Stimulating Private Investment in Public Infrastructure Through Reform of the Nigerian Legal Environment
Author: Olufemi Oluyeju
Affiliations: Lecturer, Department of Public Law, School of Law, University of Venda, Limpopo, South Africa
Source: Journal of Comparative Law in Africa, Volume 10 Issue 2, p. 215 – 246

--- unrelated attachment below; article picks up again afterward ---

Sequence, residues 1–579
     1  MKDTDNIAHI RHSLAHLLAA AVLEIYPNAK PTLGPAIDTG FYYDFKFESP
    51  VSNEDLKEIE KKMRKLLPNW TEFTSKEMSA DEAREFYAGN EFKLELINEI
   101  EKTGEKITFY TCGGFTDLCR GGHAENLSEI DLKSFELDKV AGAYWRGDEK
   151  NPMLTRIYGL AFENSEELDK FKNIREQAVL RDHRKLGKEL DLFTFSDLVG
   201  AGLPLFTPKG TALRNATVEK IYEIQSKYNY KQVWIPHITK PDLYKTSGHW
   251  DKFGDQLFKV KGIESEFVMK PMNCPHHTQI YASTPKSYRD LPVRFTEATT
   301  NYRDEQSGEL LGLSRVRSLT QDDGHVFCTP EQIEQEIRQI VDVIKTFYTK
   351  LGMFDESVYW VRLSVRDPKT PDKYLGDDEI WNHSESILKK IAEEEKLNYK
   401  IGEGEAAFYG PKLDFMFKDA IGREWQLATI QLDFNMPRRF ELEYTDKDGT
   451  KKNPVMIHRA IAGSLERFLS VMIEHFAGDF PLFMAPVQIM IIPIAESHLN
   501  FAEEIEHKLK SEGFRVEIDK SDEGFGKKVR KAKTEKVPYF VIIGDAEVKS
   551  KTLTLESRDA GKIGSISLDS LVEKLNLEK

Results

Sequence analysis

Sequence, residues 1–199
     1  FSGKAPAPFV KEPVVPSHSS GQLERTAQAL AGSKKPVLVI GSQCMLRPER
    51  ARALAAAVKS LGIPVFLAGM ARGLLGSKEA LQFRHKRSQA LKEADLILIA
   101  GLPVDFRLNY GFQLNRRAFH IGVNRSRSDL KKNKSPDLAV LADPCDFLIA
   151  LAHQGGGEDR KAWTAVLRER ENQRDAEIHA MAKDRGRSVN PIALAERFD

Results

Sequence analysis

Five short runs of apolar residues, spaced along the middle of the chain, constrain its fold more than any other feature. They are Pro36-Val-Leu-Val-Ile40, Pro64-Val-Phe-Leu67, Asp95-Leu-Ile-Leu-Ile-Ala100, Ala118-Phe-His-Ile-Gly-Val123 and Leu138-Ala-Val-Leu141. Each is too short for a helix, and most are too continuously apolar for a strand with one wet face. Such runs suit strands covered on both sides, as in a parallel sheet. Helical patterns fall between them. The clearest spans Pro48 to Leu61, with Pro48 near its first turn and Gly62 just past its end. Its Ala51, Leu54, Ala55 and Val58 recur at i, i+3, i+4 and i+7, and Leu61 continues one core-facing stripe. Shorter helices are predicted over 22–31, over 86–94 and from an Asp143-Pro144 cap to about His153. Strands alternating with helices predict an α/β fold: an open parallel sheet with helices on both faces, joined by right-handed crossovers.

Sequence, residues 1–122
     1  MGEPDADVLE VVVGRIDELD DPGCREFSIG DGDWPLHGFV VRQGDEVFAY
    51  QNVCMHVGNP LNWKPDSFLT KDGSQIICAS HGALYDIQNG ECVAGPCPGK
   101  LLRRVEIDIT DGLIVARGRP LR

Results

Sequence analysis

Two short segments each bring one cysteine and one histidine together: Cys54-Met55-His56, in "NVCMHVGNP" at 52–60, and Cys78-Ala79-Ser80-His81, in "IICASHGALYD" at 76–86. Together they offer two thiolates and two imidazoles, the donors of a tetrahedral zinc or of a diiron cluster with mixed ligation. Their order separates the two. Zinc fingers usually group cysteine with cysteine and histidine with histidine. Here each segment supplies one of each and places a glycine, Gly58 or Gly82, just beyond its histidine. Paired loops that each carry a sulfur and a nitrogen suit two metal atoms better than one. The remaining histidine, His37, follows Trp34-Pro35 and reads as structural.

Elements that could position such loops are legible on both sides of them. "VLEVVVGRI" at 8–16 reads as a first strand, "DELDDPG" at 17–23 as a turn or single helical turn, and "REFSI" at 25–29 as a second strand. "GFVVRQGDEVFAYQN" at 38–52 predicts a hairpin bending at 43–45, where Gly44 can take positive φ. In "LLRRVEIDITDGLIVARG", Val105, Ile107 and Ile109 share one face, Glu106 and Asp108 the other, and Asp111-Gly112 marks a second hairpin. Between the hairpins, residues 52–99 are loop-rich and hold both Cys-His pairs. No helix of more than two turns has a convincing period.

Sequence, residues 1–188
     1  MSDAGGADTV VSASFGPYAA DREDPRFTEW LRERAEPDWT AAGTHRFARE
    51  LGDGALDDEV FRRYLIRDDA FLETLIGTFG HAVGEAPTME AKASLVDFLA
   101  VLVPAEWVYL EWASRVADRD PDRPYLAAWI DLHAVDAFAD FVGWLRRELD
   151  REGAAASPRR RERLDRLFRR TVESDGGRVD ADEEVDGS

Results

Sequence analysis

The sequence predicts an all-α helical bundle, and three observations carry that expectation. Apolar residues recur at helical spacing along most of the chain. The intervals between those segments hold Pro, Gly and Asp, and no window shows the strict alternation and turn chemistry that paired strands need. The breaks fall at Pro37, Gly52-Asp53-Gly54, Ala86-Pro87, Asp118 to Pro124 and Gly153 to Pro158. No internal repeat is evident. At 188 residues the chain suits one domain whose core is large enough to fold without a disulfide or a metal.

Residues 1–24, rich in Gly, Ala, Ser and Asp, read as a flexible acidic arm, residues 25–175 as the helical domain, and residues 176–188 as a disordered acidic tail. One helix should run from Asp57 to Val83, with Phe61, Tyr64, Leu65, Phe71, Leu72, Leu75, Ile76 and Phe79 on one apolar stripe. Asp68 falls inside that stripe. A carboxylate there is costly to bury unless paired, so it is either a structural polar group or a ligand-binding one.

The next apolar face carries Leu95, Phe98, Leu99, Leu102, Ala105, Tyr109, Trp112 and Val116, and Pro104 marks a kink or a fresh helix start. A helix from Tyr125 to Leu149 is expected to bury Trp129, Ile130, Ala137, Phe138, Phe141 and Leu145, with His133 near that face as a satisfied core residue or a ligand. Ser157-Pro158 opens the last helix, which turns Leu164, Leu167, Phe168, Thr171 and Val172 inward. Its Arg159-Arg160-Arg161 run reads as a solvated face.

A massive infrastructure deficit seriously impedes business growth and economic progress in Nigeria. Given the current fiscal realities, it is apparent that the government cannot solely bankroll such infrastructure requirements. Therefore, the need for private sector involvement in infrastructure development cannot be over-emphasised. However, this paper contends that gaps in infrastructure-related laws are partly responsible for the failure to attract private sector investment into Nigeria’s infrastructure sector. In this regard, the paper seeks to investigate those legal impediments hobbling private sector participation in financing public infrastructure in Nigeria and what reforms, if any, should be made to stimulate private capital flows into the sector. Furthermore, it is argued that attracting private capital into the infrastructure sector requires, among other things, a favourable legal and regulatory environment that is rules-based, transparent, and predictable. It is therefore concluded that private resources could be unlocked by reviewing and improving appropriate infrastructure-related aspects of the country’s legal environment. This article adopts a doctrinal approach; hence, it is based on desktop and library-based or non-empirical research. As doctrinal research, it will rely on an analysis of existing literature on the subject under investigation.